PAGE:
FAA May Ground Vista In Favor Of Google

    May 17, 2007
    WebProNews Staff

Migrating to an upgraded operating system at the Federal Aviation Administration may mean going with a Linux distribution instead of Microsoft’s Windows Vista.

Hefty hardware specs that are beyond what the FAA provides to its desktop users could put the airbrakes on any plans to rollout the new OS at the agency. A minimum 1GB RAM requirement, faster CPUs, and advanced graphics cards are among the negatives on Vista’s side.

A report on EE Times cited an internal FAA memo, obtained by a sister publication, that Vista’s requirements go beyond the FAA’s typical desktop configuration.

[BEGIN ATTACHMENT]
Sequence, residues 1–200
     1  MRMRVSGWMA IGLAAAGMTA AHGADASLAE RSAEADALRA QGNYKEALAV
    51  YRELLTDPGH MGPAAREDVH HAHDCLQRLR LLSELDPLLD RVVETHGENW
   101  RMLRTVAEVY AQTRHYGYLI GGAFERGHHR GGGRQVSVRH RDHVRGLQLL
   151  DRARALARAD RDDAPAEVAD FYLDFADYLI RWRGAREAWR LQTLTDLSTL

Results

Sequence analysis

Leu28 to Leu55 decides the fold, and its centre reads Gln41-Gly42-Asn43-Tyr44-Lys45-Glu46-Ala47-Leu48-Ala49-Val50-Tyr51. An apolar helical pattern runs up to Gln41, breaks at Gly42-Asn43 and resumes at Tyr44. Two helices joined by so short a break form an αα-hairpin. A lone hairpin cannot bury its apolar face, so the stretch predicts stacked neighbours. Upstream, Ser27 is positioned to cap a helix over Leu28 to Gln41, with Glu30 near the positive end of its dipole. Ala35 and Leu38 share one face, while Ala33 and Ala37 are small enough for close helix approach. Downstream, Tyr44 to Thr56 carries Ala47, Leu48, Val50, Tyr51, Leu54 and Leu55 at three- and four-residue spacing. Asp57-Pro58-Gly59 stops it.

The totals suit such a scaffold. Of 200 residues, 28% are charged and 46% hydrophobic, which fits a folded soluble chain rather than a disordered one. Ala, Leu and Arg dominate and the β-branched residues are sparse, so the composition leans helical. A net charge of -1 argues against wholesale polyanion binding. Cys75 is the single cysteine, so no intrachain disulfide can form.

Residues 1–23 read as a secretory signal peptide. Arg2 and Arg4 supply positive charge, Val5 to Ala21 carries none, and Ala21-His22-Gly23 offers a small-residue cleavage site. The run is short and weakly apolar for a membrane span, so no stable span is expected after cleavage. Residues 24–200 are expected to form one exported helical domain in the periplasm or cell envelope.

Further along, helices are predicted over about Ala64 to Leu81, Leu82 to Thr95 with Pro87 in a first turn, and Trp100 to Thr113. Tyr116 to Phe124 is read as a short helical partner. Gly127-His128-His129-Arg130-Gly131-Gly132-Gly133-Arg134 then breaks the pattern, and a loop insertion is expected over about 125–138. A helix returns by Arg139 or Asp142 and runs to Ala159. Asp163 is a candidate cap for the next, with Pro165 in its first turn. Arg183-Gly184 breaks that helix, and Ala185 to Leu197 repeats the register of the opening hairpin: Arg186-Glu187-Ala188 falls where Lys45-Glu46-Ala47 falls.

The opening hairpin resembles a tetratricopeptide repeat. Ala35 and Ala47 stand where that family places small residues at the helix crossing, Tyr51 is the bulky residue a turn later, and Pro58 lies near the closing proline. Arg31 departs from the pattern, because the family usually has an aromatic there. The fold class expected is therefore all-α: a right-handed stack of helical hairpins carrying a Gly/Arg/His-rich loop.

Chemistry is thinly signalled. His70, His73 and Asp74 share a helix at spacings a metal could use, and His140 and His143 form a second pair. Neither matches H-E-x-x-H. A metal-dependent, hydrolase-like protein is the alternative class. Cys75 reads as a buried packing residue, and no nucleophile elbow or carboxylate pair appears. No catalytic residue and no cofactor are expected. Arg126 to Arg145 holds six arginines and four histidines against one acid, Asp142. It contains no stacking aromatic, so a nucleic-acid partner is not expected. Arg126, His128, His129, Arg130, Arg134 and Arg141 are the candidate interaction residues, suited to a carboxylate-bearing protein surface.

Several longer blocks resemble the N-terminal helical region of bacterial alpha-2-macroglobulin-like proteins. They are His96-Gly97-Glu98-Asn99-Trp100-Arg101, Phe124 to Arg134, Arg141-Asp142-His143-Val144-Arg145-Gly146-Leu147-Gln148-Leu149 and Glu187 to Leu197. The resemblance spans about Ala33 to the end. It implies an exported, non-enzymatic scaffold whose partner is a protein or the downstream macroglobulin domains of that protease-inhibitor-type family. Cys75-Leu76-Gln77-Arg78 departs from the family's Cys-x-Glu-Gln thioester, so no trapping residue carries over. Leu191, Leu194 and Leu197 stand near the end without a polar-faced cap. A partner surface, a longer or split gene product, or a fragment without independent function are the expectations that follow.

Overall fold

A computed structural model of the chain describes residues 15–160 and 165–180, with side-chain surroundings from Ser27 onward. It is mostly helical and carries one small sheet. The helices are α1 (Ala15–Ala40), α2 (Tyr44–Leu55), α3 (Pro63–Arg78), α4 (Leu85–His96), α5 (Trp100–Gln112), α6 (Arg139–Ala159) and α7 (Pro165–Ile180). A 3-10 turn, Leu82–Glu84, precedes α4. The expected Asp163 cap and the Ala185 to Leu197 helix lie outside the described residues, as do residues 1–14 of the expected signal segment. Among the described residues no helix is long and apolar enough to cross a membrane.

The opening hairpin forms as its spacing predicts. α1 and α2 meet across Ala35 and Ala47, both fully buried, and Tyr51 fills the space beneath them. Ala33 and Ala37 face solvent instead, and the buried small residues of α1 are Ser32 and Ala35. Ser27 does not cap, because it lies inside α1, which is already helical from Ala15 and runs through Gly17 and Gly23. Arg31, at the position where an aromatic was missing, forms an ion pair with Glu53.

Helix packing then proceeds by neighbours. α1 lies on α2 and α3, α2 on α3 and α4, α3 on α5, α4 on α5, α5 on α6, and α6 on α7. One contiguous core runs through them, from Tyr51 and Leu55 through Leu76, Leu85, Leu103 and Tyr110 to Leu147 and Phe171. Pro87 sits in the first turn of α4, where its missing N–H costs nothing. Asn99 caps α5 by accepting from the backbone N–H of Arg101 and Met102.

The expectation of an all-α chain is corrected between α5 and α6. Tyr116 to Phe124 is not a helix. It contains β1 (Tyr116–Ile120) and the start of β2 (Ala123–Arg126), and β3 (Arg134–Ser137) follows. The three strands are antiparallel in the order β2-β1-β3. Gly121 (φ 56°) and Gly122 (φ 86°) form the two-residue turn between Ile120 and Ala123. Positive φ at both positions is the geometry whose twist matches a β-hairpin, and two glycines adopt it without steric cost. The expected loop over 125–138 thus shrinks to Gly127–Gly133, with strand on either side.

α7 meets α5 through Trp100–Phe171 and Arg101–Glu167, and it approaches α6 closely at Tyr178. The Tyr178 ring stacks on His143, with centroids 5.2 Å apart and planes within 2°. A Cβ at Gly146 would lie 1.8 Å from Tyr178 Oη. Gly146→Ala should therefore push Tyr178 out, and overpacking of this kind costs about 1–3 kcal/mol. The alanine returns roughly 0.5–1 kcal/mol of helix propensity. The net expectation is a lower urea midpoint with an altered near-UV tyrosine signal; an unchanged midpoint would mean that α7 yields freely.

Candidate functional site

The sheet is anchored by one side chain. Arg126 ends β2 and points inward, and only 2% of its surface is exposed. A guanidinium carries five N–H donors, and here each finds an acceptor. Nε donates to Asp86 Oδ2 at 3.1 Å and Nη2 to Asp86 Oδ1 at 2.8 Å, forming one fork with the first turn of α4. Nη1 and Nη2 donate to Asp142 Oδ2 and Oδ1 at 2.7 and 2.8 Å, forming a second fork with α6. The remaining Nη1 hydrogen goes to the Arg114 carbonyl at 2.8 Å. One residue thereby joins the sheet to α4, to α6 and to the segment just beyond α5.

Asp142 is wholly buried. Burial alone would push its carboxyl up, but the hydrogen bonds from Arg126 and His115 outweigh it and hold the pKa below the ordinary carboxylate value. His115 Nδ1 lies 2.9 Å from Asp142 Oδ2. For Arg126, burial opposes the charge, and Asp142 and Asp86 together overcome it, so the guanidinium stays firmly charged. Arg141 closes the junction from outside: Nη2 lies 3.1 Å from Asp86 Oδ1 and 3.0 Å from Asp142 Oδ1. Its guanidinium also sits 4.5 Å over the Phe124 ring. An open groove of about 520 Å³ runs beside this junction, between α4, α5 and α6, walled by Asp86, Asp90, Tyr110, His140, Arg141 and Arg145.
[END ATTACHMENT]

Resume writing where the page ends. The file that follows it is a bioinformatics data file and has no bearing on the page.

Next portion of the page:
In March, FAA CIO Dave Bowen put forth the possibility of recommending an alternative to a Vista upgrade path. The report said the FAA could consider migrating people to Linux desktops running Google Apps as an option.

The memo contained a money quote about Microsoft’s likely sales efforts: “We anticipate that this introduction will be accompanied by significant advertising hype and salesperson activity.” The FAA could be just the first of many federal agencies that publicly balk at a potentially expensive Vista upgrade.